Pennsylvania District Attorney acts to reduce number of kids behind bars
The winds that determine the direction of criminal justice can be fickle—and our approach to juvenile justice is just as changeable. A few decades ago, when the panic over drugs and crime led to zero tolerance policies that put so many Americans behind bars, children didn’t fare much better. In the 1990s, a myth emerged of the “superpredator”—a new generation of uncontrollable, violent young offenders—that lead to harsher juvenile sentences and less tolerance for juvenile crimes. An increasing number of children were thrown in adult prisons, often subject to life without parole or long periods of solitary confinement.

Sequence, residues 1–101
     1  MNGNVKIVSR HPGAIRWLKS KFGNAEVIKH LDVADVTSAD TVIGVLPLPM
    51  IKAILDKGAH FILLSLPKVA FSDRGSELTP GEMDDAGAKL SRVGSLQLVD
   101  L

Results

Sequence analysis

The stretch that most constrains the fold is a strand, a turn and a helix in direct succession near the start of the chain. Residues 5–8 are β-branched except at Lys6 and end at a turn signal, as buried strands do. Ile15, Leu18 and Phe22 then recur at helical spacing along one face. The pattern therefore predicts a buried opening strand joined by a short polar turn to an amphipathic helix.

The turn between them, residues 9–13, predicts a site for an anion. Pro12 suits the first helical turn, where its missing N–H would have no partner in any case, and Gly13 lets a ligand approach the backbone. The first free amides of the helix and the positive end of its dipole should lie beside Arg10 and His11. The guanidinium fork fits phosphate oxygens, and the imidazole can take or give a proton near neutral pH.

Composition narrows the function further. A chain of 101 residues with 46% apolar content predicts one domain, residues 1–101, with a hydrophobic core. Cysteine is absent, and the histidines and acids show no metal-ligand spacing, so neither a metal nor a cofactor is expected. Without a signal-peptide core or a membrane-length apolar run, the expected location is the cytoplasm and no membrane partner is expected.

Fortunately, those attitudes began to shift, driven in part on new research on brain development that suggested that children’s immature brains can make them incapable of judgment and reason and should not be held to the same standards of criminal punishment as adults.
District Attorney Larry Krasner moved that idea further forward last week when he announced new policies that are intended to modify how juveniles in the justice system are dealt with. These policies will alter some of the harsher penalties and treatment that young people have been subjected to, especially those who haven’t committed serious or violent crimes, or aren’t repeat offenders.